A Playroom Reveal & FIVE Organization Tips for Small Play Spaces
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We've been in our new house almost three months now and would you believe me if I said that we're still not unpacked? Of course you would! But, I can now officially proclaim that the playroom is DONE and we all know how much of a huge win that is! So, let's take a look at what we've done and I'll include a few tips and tricks for playroom organization along the way (particularly for small play spaces). Because an organized playroom makes cleanup easier and it just makes Mama happy. 😊
1) Minimize your storage solutions.
This room is smaller than our previous playroom and smaller rooms need less stuff. So I had to get rid of a lot (small furniture pieces, bookshelves, storage bins, baskets, extra chairs, etc). We needed a more streamlined storage approach to make this room work and to maximize every single inch of floor space. So, I replaced all that with what really is most effective here: cubbies and hooks. These cubbies protrude just over a foot from the wall and hold so much stuff. Yes, they're large pieces, but they take up far less space than all of the smaller pieces we had before. You'll be hard-pressed to find a storage solution that offers more without losing valuable floor space. And yes, the cubbies (and every other piece of furniture in this room) are anchored to the wall to prevent tipping accidents.
2) Create Zones.
I used to work in childcare once upon a time and one of the things that I loved about it was how all of the rooms were designed in zones. This allows the kids to roam, as they feel like it, from station to station. They're doing what they want to do, having fun, and learning as they go. And it creates an environment where "there's a place for everything and everything in its place"...which makes clean up so much easier. In this room we have: general toy storage (cubbies) with an open play area in front of it, reading nook, kitchen area, and dress-up area. We also have hooks for the kids' actual jackets/backpacks/hats/etc since the door we use to get to our cars is in this room.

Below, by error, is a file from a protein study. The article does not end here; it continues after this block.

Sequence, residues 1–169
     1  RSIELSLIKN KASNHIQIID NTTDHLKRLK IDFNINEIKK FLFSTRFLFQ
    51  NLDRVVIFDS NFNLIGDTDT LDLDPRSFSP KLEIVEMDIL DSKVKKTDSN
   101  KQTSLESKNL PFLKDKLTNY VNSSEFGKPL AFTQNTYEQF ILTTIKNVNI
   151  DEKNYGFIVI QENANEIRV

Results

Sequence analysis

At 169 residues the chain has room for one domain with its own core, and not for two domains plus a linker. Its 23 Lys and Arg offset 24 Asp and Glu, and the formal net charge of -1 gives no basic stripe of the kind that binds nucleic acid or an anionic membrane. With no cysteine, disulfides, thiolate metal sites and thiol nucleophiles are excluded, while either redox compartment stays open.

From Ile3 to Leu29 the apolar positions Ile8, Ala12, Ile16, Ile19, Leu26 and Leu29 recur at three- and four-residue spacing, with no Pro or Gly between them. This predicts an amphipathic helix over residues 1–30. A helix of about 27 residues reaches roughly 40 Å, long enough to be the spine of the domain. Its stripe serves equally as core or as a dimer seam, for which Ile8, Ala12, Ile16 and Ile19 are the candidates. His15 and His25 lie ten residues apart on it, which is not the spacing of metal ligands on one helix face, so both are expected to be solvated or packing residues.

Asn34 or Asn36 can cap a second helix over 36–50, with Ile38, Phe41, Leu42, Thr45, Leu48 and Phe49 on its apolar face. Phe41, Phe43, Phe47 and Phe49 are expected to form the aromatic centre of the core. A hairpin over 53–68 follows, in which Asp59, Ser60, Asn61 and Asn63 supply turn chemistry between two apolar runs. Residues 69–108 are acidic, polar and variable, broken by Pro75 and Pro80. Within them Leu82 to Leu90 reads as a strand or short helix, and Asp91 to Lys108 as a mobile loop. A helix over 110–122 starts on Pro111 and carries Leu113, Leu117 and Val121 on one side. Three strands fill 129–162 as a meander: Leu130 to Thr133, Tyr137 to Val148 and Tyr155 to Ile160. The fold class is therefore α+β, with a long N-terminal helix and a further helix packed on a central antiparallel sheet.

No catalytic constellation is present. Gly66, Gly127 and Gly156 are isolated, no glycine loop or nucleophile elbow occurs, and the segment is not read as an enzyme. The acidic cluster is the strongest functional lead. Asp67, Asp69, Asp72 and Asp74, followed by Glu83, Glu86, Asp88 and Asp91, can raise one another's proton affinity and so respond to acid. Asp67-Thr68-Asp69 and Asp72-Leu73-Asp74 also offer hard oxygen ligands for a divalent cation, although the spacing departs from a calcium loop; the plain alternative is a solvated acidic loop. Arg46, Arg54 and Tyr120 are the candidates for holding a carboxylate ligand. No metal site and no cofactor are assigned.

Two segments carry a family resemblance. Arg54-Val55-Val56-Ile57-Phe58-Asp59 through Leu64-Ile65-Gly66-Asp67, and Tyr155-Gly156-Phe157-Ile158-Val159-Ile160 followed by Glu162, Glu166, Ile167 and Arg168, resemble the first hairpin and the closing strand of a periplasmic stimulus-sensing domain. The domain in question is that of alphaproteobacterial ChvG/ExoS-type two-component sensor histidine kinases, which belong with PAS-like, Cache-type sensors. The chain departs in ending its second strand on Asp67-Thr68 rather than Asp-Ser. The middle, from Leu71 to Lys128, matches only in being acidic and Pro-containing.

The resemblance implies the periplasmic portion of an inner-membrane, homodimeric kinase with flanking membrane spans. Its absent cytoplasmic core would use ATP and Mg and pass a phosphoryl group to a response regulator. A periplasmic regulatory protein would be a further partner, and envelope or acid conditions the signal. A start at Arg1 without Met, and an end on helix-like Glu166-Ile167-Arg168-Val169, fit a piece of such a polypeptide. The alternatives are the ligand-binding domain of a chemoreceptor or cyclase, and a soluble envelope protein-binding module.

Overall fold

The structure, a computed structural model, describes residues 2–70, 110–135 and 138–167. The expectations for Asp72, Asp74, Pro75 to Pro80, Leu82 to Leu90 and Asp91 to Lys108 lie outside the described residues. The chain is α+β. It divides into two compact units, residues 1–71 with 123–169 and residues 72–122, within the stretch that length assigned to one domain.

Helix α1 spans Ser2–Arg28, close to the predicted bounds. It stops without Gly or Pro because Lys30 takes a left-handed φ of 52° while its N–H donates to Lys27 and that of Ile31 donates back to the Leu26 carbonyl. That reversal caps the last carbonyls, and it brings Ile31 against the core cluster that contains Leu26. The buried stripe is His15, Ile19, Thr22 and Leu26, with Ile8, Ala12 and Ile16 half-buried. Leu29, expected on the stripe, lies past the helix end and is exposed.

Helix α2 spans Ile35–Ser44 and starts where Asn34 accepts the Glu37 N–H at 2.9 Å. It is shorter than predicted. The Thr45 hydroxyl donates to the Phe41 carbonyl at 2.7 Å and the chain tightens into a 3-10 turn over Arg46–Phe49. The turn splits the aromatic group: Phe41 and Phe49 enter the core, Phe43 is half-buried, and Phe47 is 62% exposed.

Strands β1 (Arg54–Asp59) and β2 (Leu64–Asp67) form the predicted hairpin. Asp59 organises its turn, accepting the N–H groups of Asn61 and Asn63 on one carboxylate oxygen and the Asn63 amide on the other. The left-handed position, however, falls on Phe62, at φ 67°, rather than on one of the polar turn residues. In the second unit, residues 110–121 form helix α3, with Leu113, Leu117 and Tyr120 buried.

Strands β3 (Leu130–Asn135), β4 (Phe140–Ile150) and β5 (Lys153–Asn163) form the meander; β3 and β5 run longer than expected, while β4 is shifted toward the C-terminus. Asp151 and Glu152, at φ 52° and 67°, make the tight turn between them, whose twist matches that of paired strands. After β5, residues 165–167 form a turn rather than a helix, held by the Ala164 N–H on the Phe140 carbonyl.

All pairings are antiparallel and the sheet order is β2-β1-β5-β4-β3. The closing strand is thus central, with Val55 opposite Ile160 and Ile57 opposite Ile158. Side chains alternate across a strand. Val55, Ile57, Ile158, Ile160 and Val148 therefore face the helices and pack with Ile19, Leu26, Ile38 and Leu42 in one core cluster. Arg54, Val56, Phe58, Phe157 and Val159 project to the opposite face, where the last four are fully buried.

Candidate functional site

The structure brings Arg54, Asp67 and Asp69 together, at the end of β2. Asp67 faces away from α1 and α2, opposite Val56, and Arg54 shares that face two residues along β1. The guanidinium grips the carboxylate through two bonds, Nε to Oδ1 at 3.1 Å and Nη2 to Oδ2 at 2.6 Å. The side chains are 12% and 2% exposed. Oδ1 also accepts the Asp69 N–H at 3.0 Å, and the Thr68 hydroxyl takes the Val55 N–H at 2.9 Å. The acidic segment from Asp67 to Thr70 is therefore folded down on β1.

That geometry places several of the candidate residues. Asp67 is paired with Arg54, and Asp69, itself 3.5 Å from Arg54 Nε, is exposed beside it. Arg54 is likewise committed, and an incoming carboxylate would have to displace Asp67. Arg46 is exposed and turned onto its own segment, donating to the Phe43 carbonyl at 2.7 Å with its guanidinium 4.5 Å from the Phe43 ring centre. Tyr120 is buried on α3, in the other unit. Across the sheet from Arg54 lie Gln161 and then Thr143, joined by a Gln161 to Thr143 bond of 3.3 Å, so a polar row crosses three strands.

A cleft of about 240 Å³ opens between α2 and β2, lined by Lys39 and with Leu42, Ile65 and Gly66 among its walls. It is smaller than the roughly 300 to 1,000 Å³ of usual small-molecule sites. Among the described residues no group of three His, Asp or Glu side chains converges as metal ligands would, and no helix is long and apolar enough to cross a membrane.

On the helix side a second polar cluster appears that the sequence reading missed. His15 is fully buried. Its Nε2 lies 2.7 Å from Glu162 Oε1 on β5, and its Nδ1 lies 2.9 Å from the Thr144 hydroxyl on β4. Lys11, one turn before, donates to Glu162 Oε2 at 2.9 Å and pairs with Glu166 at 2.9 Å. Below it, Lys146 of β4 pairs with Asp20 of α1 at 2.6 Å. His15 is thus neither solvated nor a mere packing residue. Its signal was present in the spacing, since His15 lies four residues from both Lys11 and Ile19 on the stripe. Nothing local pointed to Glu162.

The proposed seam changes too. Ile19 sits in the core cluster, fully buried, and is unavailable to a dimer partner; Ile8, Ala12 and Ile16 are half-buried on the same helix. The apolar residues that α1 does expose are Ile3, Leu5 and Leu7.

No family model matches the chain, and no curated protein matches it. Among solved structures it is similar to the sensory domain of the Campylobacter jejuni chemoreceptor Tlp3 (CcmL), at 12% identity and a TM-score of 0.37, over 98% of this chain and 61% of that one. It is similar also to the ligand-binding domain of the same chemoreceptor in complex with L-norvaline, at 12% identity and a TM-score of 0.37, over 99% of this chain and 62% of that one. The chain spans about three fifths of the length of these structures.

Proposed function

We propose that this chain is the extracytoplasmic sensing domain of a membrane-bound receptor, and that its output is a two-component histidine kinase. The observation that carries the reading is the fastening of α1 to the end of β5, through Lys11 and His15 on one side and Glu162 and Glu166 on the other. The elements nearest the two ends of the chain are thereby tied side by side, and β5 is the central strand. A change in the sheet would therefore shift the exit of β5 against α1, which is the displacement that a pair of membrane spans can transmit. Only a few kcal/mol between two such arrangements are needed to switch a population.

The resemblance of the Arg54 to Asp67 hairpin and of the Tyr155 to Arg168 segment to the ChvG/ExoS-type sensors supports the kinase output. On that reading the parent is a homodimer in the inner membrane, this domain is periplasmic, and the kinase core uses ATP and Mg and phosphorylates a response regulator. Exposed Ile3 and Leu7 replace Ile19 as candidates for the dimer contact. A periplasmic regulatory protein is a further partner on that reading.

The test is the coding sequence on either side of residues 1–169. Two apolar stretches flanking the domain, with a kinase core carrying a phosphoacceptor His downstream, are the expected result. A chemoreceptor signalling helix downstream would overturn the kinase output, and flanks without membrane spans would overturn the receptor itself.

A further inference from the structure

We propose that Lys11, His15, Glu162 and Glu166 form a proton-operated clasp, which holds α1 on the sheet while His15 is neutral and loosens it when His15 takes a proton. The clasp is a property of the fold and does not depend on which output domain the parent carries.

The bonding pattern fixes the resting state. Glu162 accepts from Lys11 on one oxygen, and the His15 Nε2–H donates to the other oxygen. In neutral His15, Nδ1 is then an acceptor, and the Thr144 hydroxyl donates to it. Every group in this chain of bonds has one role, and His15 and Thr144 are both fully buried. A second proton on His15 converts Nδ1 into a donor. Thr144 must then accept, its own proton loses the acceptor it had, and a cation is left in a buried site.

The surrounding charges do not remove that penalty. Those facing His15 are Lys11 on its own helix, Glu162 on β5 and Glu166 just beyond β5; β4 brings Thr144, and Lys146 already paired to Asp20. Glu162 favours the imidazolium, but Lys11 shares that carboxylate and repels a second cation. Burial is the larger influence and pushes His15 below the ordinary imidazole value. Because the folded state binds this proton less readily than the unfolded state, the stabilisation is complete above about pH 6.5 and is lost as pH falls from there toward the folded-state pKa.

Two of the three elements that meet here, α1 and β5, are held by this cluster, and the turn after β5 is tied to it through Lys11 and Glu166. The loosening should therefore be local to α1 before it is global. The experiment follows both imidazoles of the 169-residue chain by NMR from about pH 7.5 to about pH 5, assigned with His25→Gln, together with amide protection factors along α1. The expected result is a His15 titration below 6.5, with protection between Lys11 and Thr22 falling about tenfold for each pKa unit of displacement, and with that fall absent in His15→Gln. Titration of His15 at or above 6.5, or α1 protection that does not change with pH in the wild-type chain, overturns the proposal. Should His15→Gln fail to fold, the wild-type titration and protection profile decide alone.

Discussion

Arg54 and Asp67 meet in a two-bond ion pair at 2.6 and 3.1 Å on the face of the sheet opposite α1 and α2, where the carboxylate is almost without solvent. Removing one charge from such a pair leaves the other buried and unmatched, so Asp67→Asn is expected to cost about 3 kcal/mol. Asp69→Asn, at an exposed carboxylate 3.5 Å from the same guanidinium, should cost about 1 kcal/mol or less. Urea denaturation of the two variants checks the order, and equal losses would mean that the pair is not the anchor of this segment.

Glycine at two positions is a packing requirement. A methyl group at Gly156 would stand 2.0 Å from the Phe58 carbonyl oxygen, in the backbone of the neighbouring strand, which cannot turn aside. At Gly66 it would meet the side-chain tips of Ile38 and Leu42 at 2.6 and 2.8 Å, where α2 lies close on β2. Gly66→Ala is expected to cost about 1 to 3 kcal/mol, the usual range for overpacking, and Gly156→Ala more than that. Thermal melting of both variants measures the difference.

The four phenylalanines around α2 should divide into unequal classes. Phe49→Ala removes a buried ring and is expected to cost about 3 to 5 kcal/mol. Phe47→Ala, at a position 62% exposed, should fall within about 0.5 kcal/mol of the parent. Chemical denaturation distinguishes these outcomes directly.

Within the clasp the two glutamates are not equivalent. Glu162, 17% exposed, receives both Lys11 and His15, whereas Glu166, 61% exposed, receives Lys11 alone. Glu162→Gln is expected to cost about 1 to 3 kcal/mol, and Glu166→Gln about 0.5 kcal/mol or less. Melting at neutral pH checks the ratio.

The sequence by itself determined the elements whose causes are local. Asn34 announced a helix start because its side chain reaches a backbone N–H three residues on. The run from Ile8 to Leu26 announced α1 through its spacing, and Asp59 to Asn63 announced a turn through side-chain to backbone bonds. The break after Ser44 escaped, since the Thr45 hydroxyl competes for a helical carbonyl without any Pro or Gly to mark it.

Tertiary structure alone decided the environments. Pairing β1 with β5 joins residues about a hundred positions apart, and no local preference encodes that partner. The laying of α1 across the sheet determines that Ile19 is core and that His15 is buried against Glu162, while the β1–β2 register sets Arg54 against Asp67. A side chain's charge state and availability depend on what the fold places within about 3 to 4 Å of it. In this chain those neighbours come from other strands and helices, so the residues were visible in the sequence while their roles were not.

3) Use the vertical space, but keep things within reach (or not).
It is so, so important in smaller rooms to use all the vertical space you can. We've done that with our full wall of vertical cubbies; magnet board; stuffed animal storage; book storage in the reading nook, and wall hooks. But with using the vertical space, you also have to keep things within reach for the littles. We store anything that's okay for Baby to play with down low in the cubbies and supervised activities/more fragile items live in the top two rows. We keep a small step stool handy so the bigger kids can reach what they want.
4) Leave some open floor space.
Because what good is a playroom if there's no room to play? And leaving some floor space will make a room of any size instantly feel larger and more enjoyable.
5) Make room for the mementos.
Sure, in a small space you want to minimize the clutter. But that doesn't mean tossing out things that are important to you on a sentimental level! The Prosperity String, growth chart, and the stuffed animals that survived the "Great Stuffed Animal Purge of 2017" are all special to our family for different reasons...so we make room for them wherever we go.
Putting together a playroom can be tricky because there's just so much stuff! And it's even trickier with a small space. If you like a storage solution that I've used in this room, you can shop it here:
Bins: Ikea SAMLA Box
Step stool: Graco Transitions Step Stool
Colors, shapes, and alphabet charts: Dr. Seuss Bulletin Board Set, 5 panels
Magnet board (3 shown): Ikea SPONTAN Magnetic Board
Curtains: A discontinued Ikea item, but you can find them on Amazon HERE
Stuffed animal chains: Toy Chain with Clips
Reading nook chair: Oversized Solid Navy Blue Kids Chair
Reading nook bookshelves: Wall Mount Acrylic Greeting Card Display Rack
Chairs: Plastic Stackable School Chair
So there you have it: our playroom in a nutshell. The most important factors in a playroom (to me) are that there's a designated place for everything to belong; that the items you want to be reachable are reachable and those that you don't are not; that there's floor space to actually play; and that it's safe. Basically, I want it to FUNCTION in a way that makes the kids want to play there and so that it's easy to clean up! What are your priorities for your kids' play space? Have I missed any must-have items or storage hacks? Tell us in the comments!
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